Beyond 72 hours no swell producing fetch of interest is forecast.

More details to follow...

SOI Neutral - La Nina Overriding the MJO

The Madden Julian Oscillation is a periodic weather cycle that tracks east along the equator circumnavigating the globe. It is characterized in it's Inactive Phase by enhanced trade winds and dry weather over the part of the equatorial Pacific it is in control of, and in it's Active Phase by slack if not an outright reversal of trade winds and enhanced precipitation. The oscillation occurs in roughly 20-30 day cycles (Inactive for 20-30 days, then Active for 20-30 days) over any single location on the.cgianet, though most noticeable in the Pacific. During the Active Phase in the Pacific the MJO tends to support the formation of stronger and longer lasting gales resulting in enhanced potential for the formation of swell producing storms. Prolonged and consecutive Active MJO Phases help support the formation of El Nino. During the Inactive Phase the jet stream tends to .cgiit resulting in high pressure and less potential for swell producing storm development. The paragraphs below analyze the state of the MJO in the Pacific and provide forecasts for MJO activity (which directly relate to the potential for swell production).

Overview: The 2014-2016 El Nino is all but gone except for remnants in the upper atmosphere. La Nina is developing but weaker than expected.

KWGA/Equatorial Surface Wind Analysis & Short-term Forecast:
Analysis (TAO Buoys): As of Wednesday (10/26) east winds were over the entire equatorial Pacific but weaker over the Kelvin Wave Generation Area. The KWGA is on the equator from 135E-170W and 5 degs north and south. Anomalies were neutral over the equatorial East Pacific but weak easterly over the KWGA. The Inactive Phase of the MJO appears to still be in.cgiay but very weak.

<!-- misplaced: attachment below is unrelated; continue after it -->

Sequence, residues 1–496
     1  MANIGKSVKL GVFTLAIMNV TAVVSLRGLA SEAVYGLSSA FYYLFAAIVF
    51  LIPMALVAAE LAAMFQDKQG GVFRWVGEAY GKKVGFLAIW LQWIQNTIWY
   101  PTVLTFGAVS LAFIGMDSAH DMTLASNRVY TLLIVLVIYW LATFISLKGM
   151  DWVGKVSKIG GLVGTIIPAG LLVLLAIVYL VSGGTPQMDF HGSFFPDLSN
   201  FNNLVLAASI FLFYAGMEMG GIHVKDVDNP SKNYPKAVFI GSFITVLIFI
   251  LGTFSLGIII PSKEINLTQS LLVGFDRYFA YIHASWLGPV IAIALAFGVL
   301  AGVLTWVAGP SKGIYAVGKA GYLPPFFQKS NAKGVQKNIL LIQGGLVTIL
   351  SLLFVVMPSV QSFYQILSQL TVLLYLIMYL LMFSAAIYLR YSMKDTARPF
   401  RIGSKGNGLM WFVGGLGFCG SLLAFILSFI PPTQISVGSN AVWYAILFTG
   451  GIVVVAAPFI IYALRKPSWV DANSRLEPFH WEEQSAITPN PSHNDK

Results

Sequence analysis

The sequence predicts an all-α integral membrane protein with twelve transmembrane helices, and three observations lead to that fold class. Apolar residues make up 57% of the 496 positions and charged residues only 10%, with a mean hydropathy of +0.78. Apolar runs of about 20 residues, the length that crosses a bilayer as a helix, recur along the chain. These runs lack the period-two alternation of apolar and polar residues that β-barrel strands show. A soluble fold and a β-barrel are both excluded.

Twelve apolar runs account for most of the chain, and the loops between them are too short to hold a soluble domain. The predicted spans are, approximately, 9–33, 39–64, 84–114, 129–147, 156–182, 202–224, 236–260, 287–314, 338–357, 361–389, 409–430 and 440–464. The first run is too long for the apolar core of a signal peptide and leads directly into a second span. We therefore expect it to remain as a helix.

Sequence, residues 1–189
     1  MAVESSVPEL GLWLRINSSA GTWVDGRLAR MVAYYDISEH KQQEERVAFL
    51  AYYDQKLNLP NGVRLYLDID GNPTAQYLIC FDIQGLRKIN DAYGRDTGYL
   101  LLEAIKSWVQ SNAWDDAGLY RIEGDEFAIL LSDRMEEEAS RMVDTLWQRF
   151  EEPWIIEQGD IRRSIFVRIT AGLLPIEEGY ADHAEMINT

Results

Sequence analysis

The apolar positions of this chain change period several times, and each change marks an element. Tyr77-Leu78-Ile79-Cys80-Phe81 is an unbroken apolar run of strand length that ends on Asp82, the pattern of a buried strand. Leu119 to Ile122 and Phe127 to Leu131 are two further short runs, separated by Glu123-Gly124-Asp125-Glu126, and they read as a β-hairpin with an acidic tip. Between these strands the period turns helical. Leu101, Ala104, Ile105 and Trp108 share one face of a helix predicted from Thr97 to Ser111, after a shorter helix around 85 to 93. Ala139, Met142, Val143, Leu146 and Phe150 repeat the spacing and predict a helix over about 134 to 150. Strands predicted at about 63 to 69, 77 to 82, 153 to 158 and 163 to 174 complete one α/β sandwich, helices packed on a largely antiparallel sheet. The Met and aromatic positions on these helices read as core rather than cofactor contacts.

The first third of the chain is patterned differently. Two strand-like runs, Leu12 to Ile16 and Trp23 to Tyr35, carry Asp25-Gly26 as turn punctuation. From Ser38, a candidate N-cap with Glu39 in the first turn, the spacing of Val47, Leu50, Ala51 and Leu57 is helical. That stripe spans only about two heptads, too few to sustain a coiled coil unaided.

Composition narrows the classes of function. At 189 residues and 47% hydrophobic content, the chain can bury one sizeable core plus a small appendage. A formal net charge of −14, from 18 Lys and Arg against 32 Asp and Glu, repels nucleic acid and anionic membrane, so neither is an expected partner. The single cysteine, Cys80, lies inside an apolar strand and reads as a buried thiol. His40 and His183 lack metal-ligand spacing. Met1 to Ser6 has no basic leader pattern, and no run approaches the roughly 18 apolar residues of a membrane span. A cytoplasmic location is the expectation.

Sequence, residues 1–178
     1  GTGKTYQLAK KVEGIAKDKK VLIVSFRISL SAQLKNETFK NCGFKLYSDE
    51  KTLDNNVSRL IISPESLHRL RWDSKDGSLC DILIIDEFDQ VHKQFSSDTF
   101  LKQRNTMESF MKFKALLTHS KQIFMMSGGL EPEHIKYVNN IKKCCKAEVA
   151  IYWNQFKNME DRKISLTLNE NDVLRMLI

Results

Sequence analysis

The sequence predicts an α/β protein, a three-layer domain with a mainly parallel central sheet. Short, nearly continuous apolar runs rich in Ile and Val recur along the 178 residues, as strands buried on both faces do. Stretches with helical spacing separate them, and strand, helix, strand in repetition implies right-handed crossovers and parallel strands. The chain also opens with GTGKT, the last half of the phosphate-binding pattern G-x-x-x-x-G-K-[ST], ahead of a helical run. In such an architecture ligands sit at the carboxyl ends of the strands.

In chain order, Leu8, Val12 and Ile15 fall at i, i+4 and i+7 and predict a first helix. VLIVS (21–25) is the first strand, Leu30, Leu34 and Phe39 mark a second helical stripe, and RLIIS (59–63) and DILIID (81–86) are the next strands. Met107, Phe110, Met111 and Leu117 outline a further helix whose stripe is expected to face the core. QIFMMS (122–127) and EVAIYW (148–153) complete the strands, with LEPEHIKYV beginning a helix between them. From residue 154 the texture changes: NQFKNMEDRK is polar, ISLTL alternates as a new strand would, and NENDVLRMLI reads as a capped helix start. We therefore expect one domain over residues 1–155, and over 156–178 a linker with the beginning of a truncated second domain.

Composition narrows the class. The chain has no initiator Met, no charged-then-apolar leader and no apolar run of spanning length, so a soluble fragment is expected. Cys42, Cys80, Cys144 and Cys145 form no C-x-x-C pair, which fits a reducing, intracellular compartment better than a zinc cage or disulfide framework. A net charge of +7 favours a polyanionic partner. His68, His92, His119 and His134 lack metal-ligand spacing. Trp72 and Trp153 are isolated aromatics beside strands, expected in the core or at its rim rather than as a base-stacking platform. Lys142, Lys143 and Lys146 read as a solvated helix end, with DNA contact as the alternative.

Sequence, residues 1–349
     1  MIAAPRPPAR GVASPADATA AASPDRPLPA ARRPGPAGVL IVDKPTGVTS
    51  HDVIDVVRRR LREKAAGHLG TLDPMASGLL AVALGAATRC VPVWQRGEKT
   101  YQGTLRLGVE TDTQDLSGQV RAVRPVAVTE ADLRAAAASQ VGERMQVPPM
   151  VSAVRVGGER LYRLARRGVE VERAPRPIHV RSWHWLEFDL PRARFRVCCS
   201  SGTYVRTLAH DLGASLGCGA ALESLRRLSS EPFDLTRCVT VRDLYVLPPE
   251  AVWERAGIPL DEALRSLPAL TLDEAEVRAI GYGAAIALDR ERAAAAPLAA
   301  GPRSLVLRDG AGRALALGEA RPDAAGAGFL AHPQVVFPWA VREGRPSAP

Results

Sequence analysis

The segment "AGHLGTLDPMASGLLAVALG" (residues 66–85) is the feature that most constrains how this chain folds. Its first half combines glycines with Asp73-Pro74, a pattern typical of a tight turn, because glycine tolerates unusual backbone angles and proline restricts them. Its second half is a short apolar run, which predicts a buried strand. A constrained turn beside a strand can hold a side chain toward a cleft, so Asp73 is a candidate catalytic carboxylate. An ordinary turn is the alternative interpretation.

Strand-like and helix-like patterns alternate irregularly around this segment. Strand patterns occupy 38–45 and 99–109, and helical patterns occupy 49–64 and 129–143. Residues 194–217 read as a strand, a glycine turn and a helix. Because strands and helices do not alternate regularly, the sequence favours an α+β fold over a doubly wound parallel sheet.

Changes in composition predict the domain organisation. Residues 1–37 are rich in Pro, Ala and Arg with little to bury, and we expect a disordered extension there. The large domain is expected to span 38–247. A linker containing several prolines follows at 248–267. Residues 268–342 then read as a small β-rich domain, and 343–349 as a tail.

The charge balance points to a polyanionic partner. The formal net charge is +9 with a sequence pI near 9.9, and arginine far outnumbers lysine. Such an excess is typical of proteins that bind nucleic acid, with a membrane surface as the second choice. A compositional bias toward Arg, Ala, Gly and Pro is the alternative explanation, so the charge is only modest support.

1 Week Forecast (GFS Model): Weak east anomalies were over the eastern KWGA on 10/27 and are to hold, then start building on 11/1 and continuing into 11/3. Another pulse of the Inactive Phase of the MJO or more likely La Nina is forecast. The first real east wind burst from this La Nina started on 9/23 and continued through 10/27. We are now thinking it will not end anytime soon but rather will just pulse, stronger at times, then weaker.

Kelvin Wave Generation Area wind monitoring model: West and East

Longer Range MJO/WWB Projections:  
OLR Models: As of 10/26 a neutral MJO signal was indicated over the KWGA in the West Pacific. The Statistic model projects that pattern holding for the next 2 weeks with perhaps a weak Active MJO signal appearing over the far West Pacific. The dynamic model depicts the same thing. This is no change from what both models have been indicating for weeks. Effectively they are saying the MJO is dead neutral and forecast to stay that way.
Phase Diagrams 2 week forecast (ECMF and GEFS): (10/27) The ECMF model indicates the Active Phase of the MJO was indiscernible and is forecast holding inside the cone of weakness for the next 10 days, possibly emerging in the West Pacific 12-14 days out. The GEFS model depicts the same thing. We suspect no sign of the Active Phase of the MJO is to emerge anytime soon.
40 day Upper Level Model: (10/27) This model depicts a weak Inactive MJO pattern over the Indian Ocean with a neutral pattern over the Pacific. The Inactive Phase is to ease east into West Pacific 11/11 moving to Central America through 12/1. A weak Active Phase is to follow in the West Pacific 11/26 tracking east. This is not believable.